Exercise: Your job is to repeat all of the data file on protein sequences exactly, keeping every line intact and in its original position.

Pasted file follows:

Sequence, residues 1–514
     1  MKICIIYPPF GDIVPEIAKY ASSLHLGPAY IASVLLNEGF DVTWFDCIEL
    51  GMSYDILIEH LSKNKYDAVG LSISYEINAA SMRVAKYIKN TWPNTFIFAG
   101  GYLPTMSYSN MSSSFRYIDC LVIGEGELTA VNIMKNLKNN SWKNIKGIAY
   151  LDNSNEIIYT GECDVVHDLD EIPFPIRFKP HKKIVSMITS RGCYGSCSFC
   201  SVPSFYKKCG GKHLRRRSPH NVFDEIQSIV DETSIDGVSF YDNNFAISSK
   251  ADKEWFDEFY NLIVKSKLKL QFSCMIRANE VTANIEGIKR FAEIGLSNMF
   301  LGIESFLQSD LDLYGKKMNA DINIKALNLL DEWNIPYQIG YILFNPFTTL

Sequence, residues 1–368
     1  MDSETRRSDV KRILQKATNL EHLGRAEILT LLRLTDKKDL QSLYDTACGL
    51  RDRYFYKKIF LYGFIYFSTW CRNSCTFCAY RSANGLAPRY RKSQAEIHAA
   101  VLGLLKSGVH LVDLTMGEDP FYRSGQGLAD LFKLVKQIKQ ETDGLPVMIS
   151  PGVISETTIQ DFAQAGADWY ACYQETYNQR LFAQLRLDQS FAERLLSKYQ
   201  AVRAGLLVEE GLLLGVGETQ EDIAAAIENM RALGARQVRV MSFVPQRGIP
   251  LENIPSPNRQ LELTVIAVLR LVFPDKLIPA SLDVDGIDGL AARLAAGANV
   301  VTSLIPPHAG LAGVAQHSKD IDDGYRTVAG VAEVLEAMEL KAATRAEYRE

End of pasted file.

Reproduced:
Sequence, residues 1–514
     1  MKICIIYPPF GDIVPEIAKY ASSLHLGPAY IASVLLNEGF DVTWFDCIEL
    51  GMSYDILIEH LSKNKYDAVG LSISYEINAA SMRVAKYIKN TWPNTFIFAG
   101  GYLPTMSYSN MSSSFRYIDC LVIGEGELTA VNIMKNLKNN SWKNIKGIAY
   151  LDNSNEIIYT GECDVVHDLD EIPFPIRFKP HKKIVSMITS RGCYGSCSFC
   201  SVPSFYKKCG GKHLRRRSPH NVFDEIQSIV DETSIDGVSF YDNNFAISSK
   251  ADKEWFDEFY NLIVKSKLKL QFSCMIRANE VTANIEGIKR FAEIGLSNMF
   301  LGIESFLQSD LDLYGKKMNA DINIKALNLL DEWNIPYQIG YILFNPFTTL

Sequence, residues 1–368
     1  MDSETRRSDV KRILQKATNL EHLGRAEILT LLRLTDKKDL QSLYDTACGL
    51  RDRYFYKKIF LYGFIYFSTW CRNSCTFCAY RSANGLAPRY RKSQAEIHAA
   101  VLGLLKSGVH LVDLTMGEDP FYRSGQGLAD LFKLVKQIKQ ETDGLPVMIS
   151  PGVISETTIQ DFAQAGADWY ACYQETYNQR LFAQLRLDQS FAERLLSKYQ
   201  AVRAGLLVEE GLLLGVGETQ EDIAAAIENM RALGARQVRV MSFVPQRGIP
   251  LENIPSPNRQ LELTVIAVLR LVFPDKLIPA SLDVDGIDGL AARLAAGANV
   301  VTSLIPPHAG LAGVAQHSKD IDDGYRTVAG VAEVLEAMEL KAATRAEYRE